GO IN DEPTH

Finger Length

Finger Length Photo Credit: Clipart.com

Although life experience plays a huge role in shaping who we are, the foundations of our personality begin in the womb. One recent study looks to finger length for signs of a man's pre-natal exposure to testosterone.


Transcript

Measuring aggression with a finger. I'm Bob Hirshon and this is Science Update.

In women, the index and ring finger are roughly equal in length. But in most men, the ring finger is longer. That's a result of fetal exposure to testosterone.

Psychologists Alison Bailey and Pete Hurd, of the University of Alberta in Canada, studied these finger ratios in male college students. And they found that men with more dramatic differences tended to be more aggressive.

Hurd:

Here we have a fairy subtle personality trait—these are all people who made it into university—but within that population there's a substantial proportion of that personality trait that seems to be determined in the womb.

Dr. Hurd says finger ratios also correlate with other sex-linked traits, including spatial reasoning, running speed, and autism. Next, he plans to find out if they can predict how much time hockey players spend in the penalty box. I'm Bob Hirshon for AAAS, the Science Society.


Making Sense of the Research

After hearing this report, you're probably looking at your own fingers. Before you leap to any conclusions, it's important to keep in mind a few things. First of all, none of the men in this study was an axe murderer. They were all ordinary college students. The subjects judged their own level of aggression by responding to a questionnaire. (In other studies, this questionnaire has proven fairly reliable.)

Second, having a larger finger-length ratio doesn't cause aggression. It's only correlated to aggression. When two things are correlated, you can make predictions about one based on the other. For example, if you look out your window and see people carrying umbrellas, there's a good chance the ground is wet. But they aren't carrying the umbrellas because the ground is wet, or vice versa. Wet ground and umbrella-carrying correlate because they share a common cause: rain.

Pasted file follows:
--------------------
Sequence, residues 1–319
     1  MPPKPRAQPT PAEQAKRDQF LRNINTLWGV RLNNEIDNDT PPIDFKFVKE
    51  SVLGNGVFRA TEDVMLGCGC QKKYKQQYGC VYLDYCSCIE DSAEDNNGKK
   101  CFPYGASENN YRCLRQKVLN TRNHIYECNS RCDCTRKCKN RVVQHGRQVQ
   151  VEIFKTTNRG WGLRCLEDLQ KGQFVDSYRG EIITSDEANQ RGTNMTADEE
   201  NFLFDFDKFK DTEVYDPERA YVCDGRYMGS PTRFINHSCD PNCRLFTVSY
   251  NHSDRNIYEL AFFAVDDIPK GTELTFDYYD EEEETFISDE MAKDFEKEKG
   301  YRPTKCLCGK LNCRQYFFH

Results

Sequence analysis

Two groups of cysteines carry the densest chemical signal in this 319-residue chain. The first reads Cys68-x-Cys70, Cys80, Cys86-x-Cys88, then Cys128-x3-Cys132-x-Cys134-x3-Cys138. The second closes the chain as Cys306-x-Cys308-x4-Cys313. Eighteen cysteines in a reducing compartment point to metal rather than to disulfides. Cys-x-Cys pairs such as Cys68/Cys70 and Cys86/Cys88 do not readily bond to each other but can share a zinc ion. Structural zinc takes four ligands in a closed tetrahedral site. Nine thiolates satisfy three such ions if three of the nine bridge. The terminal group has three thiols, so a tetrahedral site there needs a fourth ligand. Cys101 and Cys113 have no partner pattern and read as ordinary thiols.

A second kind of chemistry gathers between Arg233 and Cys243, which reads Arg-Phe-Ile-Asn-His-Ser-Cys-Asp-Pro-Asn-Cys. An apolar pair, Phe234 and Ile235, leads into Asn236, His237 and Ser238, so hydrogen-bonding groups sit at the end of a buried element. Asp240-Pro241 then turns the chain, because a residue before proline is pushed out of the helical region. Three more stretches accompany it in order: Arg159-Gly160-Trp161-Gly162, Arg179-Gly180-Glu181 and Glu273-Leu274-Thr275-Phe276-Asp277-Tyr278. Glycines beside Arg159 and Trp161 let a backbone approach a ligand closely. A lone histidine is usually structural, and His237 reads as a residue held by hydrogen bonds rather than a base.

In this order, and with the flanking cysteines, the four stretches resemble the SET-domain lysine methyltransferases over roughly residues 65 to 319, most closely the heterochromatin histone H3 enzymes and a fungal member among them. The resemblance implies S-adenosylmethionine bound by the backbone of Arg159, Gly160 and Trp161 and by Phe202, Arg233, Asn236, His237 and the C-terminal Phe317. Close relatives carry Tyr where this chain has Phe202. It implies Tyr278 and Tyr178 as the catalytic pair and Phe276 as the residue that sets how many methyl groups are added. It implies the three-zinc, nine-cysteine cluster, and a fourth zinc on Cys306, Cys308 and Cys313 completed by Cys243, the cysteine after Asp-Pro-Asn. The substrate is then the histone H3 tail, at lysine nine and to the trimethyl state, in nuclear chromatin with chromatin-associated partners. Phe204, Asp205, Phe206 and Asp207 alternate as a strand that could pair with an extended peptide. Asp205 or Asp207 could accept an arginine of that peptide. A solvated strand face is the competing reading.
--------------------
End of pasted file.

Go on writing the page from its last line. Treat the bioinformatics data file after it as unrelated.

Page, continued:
It's like that with finger length, too. All male fetuses are exposed to testosterone in the womb; that's part of what makes them turn into boys instead of girls. Generally speaking, the more testosterone a male fetus receives, the more dramatic his finger-length ratio will be, and the more aggressive he will be as an adult. So, in this case, the researchers are using finger length as a quick and easy way of measuring how much testosterone a man was exposed to before birth.

That said, there are many other factors that contribute to aggression, many of which are genetic and many more of which come from one's environment. Clearly, a boy raised in an abusive home might have a good chance of becoming aggressive regardless of how much testosterone he got as a fetus. Overall, Hurd says that finger-length ratio (and, therefore, fetal testosterone exposure) can predict only about 10 percent of the variation in aggression across individuals.

Still, it's interesting to see that there are aspects of our personality that are sealed before we're even born. And as Hurd mentions, there are other typically male traits—from skills to diseases—that are associated with finger-length ratios as well. If these correlations are well established, scientists may be able to better understand the role of testosterone in shaping human beings.

Now try and answer these questions:

  1. How do the fingers of men and women differ in length?
  2. What does it mean to say that finger length and aggression are correlated? What does it not mean?
  3. Why are finger length and aggression related?
  4. Can you think of other correlations in everyday life? (Think back to the umbrella and wet ground example.)

 


Going Further


For Educators

The Psychology Today article Autism: What's Sex Got to Do With It?, discusses the potential link between autism and fetal testosterone.

On Nova Online's The Odyssey of Life, students can view a time-lapsed video of a human embryo developing in a womb.


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